Want to Encourage Savings? Simplify the Tax Rules

It has been reported that the savings rate in the United States is negative. I’ve heard arguments saying it isn’t really negative but I think it’s fair to say that the savings rate is very low. Everybody wants to encourage people to save, which is great. We already have a hodgepodge of tax favored programs. In this election year, politicians are coming up with even more tax incentive proposals of different stripes. I think they are missing the point entirely.

Right now we already have these programs:

  • 401k/403b/457, Traditional IRA, SEP IRA, SARSEP IRA, SIMPLE IRA: If you save for your retirement, you can defer taxes.
  • Roth IRA: If you save for your retirement, you can avoid tax on your gains.
  • 529 plan, Coverdell ESA: If you save for a child’s education, you can avoid tax on your gains.
  • FSA, HSA: If you save for medical expenses, you can avoid some tax.

Can anybody say with any confidence that they know all the eligibility, phase-out and qualified distribution rules on all of these programs? You wonder why the average consumer is confused? When they have a number of choices which they don’t know much about, they either (a) don’t do anything for fear of doing something wrong; or (b) give up and hand themselves to a financial service “professional” who happily charge them a neat fee.

You think a 529 plan is simple enough? Find an aged-based portfolio, dollar cost average, and you are done? No. Every state has a different plan. Some states have more than one plans. You need a big web site just to keep it straight. Is it any surprise that nearly 80% of the 529 plan sales went through a financial advisor? Source: SmartMoney article.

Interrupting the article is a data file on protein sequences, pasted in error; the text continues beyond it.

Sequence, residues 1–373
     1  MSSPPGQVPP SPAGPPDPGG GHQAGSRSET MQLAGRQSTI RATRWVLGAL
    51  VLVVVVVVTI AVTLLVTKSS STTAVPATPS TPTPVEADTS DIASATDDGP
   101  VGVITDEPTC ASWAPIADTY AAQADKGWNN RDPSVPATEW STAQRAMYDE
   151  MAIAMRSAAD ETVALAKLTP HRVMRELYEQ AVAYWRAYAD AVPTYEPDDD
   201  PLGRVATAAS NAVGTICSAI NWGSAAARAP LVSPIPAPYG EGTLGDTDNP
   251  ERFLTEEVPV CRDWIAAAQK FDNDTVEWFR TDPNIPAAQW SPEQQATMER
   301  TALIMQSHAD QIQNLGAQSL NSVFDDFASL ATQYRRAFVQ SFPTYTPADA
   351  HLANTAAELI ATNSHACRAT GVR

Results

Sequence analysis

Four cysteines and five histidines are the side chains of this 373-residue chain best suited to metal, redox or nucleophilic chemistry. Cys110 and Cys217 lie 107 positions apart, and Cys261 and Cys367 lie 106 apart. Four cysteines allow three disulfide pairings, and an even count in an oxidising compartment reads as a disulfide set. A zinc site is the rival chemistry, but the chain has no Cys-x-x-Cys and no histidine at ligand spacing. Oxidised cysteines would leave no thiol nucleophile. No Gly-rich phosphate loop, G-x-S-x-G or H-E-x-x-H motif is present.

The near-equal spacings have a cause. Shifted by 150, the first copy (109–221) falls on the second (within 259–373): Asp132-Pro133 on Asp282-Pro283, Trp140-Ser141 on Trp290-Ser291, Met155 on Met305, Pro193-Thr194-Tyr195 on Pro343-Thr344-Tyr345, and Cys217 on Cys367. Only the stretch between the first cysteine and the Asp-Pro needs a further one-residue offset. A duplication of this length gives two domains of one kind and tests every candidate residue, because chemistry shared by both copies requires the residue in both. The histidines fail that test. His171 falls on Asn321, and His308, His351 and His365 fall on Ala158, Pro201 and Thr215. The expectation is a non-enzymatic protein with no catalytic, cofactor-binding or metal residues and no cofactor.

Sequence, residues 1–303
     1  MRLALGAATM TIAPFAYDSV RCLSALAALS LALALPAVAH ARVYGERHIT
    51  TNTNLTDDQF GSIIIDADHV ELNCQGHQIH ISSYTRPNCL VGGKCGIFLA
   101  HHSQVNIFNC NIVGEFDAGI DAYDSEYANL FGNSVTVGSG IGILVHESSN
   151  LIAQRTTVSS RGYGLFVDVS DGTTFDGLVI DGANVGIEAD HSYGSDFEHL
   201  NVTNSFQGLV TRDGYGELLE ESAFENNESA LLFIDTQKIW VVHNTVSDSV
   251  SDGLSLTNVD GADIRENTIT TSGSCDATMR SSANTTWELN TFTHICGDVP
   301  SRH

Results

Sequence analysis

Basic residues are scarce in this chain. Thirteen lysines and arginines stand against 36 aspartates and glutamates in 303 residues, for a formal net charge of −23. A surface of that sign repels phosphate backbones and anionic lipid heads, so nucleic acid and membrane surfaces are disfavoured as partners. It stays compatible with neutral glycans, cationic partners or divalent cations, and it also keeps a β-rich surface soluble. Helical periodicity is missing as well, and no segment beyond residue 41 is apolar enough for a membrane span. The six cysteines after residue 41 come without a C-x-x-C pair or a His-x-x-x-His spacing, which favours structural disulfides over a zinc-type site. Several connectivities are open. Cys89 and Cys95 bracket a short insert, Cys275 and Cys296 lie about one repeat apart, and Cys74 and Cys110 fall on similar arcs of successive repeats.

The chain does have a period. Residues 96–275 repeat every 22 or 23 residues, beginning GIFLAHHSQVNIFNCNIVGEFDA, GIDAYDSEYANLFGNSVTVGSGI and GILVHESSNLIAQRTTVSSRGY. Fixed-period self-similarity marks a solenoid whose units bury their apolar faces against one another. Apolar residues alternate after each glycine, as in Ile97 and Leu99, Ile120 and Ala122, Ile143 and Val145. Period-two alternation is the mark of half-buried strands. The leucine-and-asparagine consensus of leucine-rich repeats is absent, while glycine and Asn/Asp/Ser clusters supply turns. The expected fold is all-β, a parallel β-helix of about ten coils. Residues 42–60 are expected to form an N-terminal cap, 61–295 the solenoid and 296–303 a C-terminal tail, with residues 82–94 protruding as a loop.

We don’t need more programs. We need simpler rules. When people are not worried about doing something wrong, they will save. The Canadians are smarter in this regard. They trust their people. The Canadian government recently legislated a new program called Tax Free Savings Account (TFSA). I think it serves as a good example for how a simple program really creates the incentive to save.

Simply put, in a TFSA,

  • Everybody over 18 can save 5,000 Canadian dollars a year. No income qualification. No phase-outs.
  • If you don’t have money to contribute now, the contribution room carries forward, forever. That way when you have more money later, you can catch up. Most U.S. programs are use-it-or-lose-it.
  • Contributions are not tax deductible but earnings grow tax free (like a Roth).
  • Money can be withdrawn at any time, for whatever purpose, tax free. No 59-1/2, no expense qualification, no questions asked.
  • If you had to withdraw from your TFSA for whatever reason, you can make up for the withdrawal later without reducing your contribution room. In a US tax favored plan there’s no way to put money back once it’s withdrawn (except for limited 60-day rollovers).

If we have a program like Canada’s TFSA, what excuse can anybody have for not using it? You save whenever you want, for whatever you want. Whatever you buy, the earnings are tax free. We are so into limiting people on the way in and locking the money up once they are in. That’s the wrong approach. If you want to encourage people to save, let them save without so many restrictions. Obama, Clinton, McCain, are you listening?

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Comments

  1. Anonymous says

    Canada’s plans sounds great. I wonder why our congress hasn’t implemented the same thing. Probably because it is too simple and they don’t like things being simple.

  2. Ken Clark says

    Stumbled on your comments about the Section 529 plans…

    I definitely agree! There are more Section 529 plans than there are states!

    Great idea, but they definitely make it more complex than it needs to be.

    Ken Clark

  3. Pelon says

    Excellent post. I’ve never understood why the type of job you have dictates how much you get to save in a tax deferred account. If my employer doesn’t have a 401k, why should I be prevented from having the same benefits of someone whose employer does? It makes no sense. Going to a Canadian-style plan would be much fairer than the current system.

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